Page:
When the president speaks on national television, the American people expect an explanation of an important action or an attempt to rally them in the face of a major threat. Usually, no response is made by a leader of the opposing party.
Only when the president lays out his program to Congress in the State of the Union address is there a partisan response.
This week, people had the unusual experience of President Trump arguing for one of the key elements of his electoral program and Speaker Pelosi and Senate Minority Leader Schumer opposing the proposal, building the Wall on the southern border.
Both sides engaged in Washington-style debate, important mostly to political actors there and to the national media. They engaged in the same old, insider blame game that completely ignores average people across the country. Instead, they jockeyed for position in the 2020 elections, but without 20-20 vision.
Trump used much the same anti-immigrant rhetoric that he first unveiled when he announced for president. His remarks repeated threats and events that were easily shown as untrue. Most important, he offered nothing new.
Pelosi and Schumer used much the same moralistic arguments against the Wall as they had been preaching for weeks. Most important, they offered nothing new.
Almost everybody shares real concern about immigration. The U.S. is a land built and enriched by immigrants. At the same time, there are reasonable worries about uncontrolled immigration of people who may be endangered in their home countries or seeking a better life. And we continue deferring action on the undocumented immigrants already in the country.
Trump has responded to legitimate issues and phony concerns, though he seems to think the Wall would solve all problems, while the Border Patrol, which supports him, thinks otherwise.
The Democrats have pounced on his making the Wall into his entire immigration policy and his refusal to end the government shutdown unless he gets it funded.
The American people outside the Washington Beltway have the right to believe the government is not listening to their desire for compromise and progress. The gap between posturing politicians and “us folks” grows wider.
Trump could have seized political control and public support if he had used his speech, not as a prelude to declaring a national emergency when there is none, but as the opening of a comprehensive immigration policy, including the Wall. He would then have been in a position to get his Wall while admitting it was not the full answer.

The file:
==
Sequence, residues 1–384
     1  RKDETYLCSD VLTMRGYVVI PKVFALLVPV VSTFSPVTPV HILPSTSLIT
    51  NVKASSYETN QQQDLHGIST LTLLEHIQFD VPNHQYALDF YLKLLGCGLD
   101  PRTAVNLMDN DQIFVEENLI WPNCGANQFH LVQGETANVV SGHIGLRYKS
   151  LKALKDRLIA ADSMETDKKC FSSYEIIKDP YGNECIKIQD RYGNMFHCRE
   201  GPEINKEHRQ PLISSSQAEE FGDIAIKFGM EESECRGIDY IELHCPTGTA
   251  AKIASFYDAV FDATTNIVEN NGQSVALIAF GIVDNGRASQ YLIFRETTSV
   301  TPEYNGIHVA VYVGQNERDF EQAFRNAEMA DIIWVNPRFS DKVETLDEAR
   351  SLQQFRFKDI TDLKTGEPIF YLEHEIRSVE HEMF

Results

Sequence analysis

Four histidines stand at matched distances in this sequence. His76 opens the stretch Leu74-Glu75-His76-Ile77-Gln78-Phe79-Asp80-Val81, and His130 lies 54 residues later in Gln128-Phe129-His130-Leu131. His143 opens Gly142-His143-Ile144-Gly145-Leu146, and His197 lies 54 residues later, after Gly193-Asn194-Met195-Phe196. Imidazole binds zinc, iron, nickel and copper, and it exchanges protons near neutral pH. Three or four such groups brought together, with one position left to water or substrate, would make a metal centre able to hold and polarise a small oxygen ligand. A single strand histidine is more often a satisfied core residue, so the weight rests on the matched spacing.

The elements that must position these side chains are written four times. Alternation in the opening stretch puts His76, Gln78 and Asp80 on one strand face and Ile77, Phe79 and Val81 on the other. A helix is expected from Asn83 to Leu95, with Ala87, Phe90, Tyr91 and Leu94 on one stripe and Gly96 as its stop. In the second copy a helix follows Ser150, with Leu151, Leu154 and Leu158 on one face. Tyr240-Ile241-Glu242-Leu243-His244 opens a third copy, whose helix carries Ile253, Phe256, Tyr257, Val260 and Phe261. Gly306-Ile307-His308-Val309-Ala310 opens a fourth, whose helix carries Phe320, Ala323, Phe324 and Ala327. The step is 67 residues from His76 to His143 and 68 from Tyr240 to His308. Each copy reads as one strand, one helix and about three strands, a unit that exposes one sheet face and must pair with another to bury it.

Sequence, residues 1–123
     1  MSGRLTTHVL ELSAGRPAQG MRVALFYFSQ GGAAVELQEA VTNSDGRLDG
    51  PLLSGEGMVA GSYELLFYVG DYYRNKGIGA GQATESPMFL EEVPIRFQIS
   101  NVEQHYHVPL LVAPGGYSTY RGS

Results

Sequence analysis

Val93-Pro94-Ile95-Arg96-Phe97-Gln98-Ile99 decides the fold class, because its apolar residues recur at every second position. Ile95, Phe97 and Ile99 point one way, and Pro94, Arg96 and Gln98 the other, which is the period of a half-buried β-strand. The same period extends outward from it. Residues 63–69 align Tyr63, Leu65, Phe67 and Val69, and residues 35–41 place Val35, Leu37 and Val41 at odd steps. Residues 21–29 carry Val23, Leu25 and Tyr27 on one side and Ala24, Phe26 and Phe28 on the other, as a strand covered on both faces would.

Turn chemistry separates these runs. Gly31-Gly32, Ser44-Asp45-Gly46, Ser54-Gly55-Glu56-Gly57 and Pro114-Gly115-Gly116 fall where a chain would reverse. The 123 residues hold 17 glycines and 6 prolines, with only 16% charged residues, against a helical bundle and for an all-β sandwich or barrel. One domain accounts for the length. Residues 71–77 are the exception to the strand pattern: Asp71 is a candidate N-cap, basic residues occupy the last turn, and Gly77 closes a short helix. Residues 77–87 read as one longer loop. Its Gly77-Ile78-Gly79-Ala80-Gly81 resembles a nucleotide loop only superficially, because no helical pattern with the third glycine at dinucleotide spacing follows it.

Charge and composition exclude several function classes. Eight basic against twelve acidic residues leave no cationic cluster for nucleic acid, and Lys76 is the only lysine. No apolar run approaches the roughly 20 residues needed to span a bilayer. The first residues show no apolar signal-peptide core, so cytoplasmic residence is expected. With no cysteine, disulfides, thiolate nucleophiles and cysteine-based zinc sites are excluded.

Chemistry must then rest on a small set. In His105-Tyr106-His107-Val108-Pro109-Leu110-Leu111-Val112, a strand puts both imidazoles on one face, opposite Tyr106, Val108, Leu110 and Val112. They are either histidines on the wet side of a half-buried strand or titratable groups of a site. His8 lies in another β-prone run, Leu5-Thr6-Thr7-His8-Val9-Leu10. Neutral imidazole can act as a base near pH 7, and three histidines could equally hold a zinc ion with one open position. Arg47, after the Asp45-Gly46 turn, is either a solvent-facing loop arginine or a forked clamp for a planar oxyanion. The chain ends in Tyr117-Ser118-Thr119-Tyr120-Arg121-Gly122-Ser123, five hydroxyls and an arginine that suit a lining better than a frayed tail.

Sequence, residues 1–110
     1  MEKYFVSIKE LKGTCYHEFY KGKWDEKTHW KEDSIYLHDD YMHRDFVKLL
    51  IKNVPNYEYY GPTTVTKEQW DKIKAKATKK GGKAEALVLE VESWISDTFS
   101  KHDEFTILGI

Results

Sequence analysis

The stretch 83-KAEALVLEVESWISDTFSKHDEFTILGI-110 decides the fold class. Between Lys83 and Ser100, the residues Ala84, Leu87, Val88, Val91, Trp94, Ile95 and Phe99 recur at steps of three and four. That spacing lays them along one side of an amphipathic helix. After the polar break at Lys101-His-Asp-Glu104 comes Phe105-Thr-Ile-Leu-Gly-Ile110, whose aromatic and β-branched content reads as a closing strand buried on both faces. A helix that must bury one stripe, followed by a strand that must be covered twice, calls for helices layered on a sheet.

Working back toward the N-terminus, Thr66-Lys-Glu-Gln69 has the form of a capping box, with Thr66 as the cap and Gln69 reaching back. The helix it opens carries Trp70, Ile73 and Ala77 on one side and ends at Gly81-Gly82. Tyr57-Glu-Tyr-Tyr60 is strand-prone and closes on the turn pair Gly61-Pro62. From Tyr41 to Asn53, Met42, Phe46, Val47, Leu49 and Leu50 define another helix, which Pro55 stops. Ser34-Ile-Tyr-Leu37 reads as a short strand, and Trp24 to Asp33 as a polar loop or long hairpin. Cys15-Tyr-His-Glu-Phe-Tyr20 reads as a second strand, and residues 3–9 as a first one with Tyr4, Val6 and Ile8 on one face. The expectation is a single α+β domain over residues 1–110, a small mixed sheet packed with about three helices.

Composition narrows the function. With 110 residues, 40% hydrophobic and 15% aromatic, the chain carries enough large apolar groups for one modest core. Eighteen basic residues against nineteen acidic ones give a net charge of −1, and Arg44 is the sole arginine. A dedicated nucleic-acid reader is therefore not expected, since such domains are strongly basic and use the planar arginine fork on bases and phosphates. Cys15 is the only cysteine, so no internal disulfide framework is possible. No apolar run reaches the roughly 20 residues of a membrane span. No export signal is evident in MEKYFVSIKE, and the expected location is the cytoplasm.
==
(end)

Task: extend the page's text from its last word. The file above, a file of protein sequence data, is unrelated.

He might have laid out a policy involving both the Wall and other forms of border protection, helping Central American countries create conditions to remove the need to flee, and a plan leading to citizenship for immigrant children and long-term undocumented residents. Given the low expectations for his speech, that would have been stunning.
Trump would not only have kept his promise to his supporters for the Wall, but responded to a majority of Americans who favor a resolution of current immigration issues. He would not be trying to strike fear, but rather to offer a constructive way out.
Trump has gained a reputation for changing his objectives in the midst of a negotiation, a recipe for failure. A comprehensive proposal in the text of his well planned remarks could have fixed that.
He could also have agreed to end the shutdown if the Democrats would accept the basic outlines of his proposal and open negotiations.
What about the Democratic duo? Instead of limiting themselves to condemning the Trump policy, if he had not made such a proposal, they could have done so. Their tone should not have been relentless opposition, but offering a compromise almost sure to be popular. Instead of letting Trump set the tone of the debate, they could have risen above it.
In one key respect, both sides are missing the point. Wall or no Wall will not determine the outcome of the 2020 election. Voters want government to focus on pressing issues, not simply lurch from one election to the next. They don’t like shutdowns as a political weapon no matter who is responsible.
One way to negotiate out of a stalemate is to “sweeten the pot.” If the debate is only about the Wall, nothing may happen about immigration or much else. Settling other immigration issues at the same time could make possible a deal on the Wall.
Both sides right now are remarkably short-sighted and focused more on their games than on the national interest. The missed opportunity of the national speeches can be revived.
Note: This post extra to usual weekend post.